A high-level Tibetan delegation, comprised of Sikyong Penpa Tsering, President of Central Tibetan Administration (aka Tibetan Government-in-exile) and His Eminence Zeegkyab Rinpoche, the Abbot, and Venerable Kelkhang Rinpoche, the General Secretary of the Tashi Lhunpo Monastery, visited the UK Parliament on 25th April. The day coincided with the 34th birthday of Gedhun Choekyi Nyima, the 11th Panchen Lama, Tibet’s second highest spiritual leader, who has been missing since May 1995.
Hosted by The All-Party Parliamentary Group on International Freedom of Religion or Belief (FoRB), the special hearing on Religious Freedom in Tibet was chaired by Lord David Alton. It was attended by MPs including Jim Shannon MP, Chair of the FoRB, Fiona Bruce MP, Prime Minister’s Special Envoy for Freedom of Religion or Belief and Tim Loughton MP, Co-Chair of All-Party Parliamentary Group on Tibet as well as parliamentary staff and NGOs and representatives from different faith groups.
Following a busy day in the UK parliament, Tashi Lhunpo Monastery released an update on their social media titled – “Delegation in the UK Parliament – 25th April 2023”. It reads:
“His Eminence Zeegkyab Rinpoche, the Abbot, and Venerable Kelkhang Rinpoche, the General Secretary of the Tashi Lhunpo Monastery, joined Hon’ble Sikyong Penpa Tsering, President of the Central Tibetan Administration, and others to highlight the continued lack of Religious Freedom in Tibet, particularly the case of our beloved spiritual leader Gedhun Choekyi Nyima, His Holiness the 11th Panchen Lama, in the UK Parliament on his 34th birthday – 25th April.
His Holiness the 14th Dalai Lama recognised Gedhun Choekyi Nyima as the true reincarnation of the previous 10th Panchen Lama on 14th May 1995. A few days after this announcement, the young six-year old Panchen Rinpoche, along with his parents and His Eminence Jadrel Rinpoche, Head of the Tashi Lhunpo Monastery, Shigatse (Tibet), all went missing.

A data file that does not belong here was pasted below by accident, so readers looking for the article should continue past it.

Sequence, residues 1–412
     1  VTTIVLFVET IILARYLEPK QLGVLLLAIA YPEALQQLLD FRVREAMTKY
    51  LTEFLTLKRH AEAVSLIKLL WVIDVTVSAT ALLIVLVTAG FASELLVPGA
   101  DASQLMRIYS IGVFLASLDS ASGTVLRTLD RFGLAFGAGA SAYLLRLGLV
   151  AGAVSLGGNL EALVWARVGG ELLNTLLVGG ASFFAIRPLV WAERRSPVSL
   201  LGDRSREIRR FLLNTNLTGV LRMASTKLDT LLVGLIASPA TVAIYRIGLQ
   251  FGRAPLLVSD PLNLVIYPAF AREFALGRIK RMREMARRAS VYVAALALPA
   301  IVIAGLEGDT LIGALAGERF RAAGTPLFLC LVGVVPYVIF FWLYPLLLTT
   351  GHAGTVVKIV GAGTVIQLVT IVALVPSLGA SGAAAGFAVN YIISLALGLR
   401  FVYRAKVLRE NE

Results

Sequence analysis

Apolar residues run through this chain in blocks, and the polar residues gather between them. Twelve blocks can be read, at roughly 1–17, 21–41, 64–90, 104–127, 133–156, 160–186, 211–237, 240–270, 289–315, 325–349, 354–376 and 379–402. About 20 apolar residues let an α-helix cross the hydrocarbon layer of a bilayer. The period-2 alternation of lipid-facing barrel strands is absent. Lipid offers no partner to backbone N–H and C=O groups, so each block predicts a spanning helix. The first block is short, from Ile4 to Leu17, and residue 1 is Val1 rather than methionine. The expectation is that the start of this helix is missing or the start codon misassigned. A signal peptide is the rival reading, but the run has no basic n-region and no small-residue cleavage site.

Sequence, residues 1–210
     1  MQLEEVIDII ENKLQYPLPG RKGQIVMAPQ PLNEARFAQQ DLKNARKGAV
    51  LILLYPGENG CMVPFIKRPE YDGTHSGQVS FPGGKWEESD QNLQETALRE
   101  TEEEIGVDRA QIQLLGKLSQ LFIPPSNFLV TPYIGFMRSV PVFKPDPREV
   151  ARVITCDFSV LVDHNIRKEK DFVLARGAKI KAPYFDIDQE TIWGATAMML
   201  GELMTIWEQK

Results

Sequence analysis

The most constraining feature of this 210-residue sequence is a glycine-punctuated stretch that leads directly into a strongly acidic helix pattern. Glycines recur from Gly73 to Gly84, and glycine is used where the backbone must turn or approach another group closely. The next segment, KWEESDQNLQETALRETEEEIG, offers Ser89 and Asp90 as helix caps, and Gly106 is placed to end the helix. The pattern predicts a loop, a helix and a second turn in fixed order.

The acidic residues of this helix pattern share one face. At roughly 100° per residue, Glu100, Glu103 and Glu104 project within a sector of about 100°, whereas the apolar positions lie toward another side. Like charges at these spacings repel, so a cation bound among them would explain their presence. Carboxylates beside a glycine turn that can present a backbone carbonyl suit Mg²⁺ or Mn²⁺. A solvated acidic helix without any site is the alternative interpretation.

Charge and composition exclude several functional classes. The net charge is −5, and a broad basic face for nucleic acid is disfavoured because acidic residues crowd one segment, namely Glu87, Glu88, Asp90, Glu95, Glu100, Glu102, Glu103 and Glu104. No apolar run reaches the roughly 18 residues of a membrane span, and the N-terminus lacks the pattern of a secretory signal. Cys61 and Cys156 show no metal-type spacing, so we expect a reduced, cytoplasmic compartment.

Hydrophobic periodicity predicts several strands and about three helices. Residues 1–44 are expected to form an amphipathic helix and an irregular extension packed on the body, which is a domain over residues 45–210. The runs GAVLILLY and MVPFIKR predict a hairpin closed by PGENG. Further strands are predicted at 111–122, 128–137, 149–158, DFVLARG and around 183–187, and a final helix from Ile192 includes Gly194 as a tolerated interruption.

Thanks to Wera Webhouse MP, a “drop-in” session was held in the UK Parliament to highlight the plight of our spiritual leader. This first-time “drop-in” session provided a meaningful opportunity for MPs and their parliamentary staff to learn more about the Tashi Lhunpo Monastery, Tibetan Buddhist culture, and the case of the missing 11th Panchen Lama.
We were all very overwhelmed by the warm support and solidarity expressed by UK parliamentarians and officials. Nearly 30 MPs and their staff also came to see us in the Portcullis House during the “drop-in” session.
Later in the afternoon, Tim Loughton MP, Co-Chair of The All-Party Parliamentary Group (APPG) for Tibet hosted a special session with Hon’ble Sikyong Penpa Tsering. Whilst giving the address, Sikyong Penpa Tsering also highlighted the historical relations between the United Kingdom and independent Tibet, and he urged the UK government to extend all its support towards the resolution of the China-Tibet conflict.
This was then followed by a 90-minute Hearing with Sikyong Penpa Tsering and His Eminence Zeegkyab Rinpoche amongst others. They spoke on the lack of Religious Freedom in Tibet and specially highlighted the case of the 11th Panchen Lama. Hosted by The All-Party Parliamentary Group for International Freedom of Religion or Belief (FoRB), this special hearing was chaired by Lord David Alton, a senior political figure from the House of Lords.
The day ended with the 34th Birthday Dinner Reception in honour of His Holiness the 11th Panchen Lama, at the Cinnamon Club, which was attended by Sikyong Penpa Tsering and MPs.
The Tashi Lhunpo Monastery wishes to acknowledge and express our heartfelt appreciation and thanks to all concerned stakeholders including The Office of Tibet, The All-Party Parliamentary Group for Tibet, The All-Party Parliamentary Group for International Freedom of Religion or Belief (FoRB) and the Tashi Lhunpo Monastery UK Trust for their amazing support.”
Delivered and Submitted by the Abbot of Tashi Lhunpo Monastery
To The All-Party Parliamentary Group for International Freedom of Religion or Belief (FoRB), UK Parliament, on 25th April 2023
“As the Abbot of Tashi Lhunpo Monastery I appreciate the opportunity to meet you on this, the 34th birthday of the 11th Panchen Lama, Gedun Choekyi Nyima.
I would like to use this precious opportunity today to make a fervent appeal to the British Government on behalf of millions of disciples of His Holiness the Panchen Lama. I would also address this appeal to the followers of Tibetan Buddhism, and any other religion throughout the world, to those who value human rights, freedom of religion and belief and to advocates of the rights of the child.
Currently, we see the Chinese Government undertaking ruthless and restrictive policies in Tibet. The situation is worsening day by day. We see human rights being trampled upon, religious freedom and rights of the child being denied. Those Tibetans who disagree with the Chinese Government are being arbitrarily detained with many being disappeared. I would like to explain this situation in Tibet in the context of the disappearance of an eminent spiritual leader, namely the 11th Panchen Lama.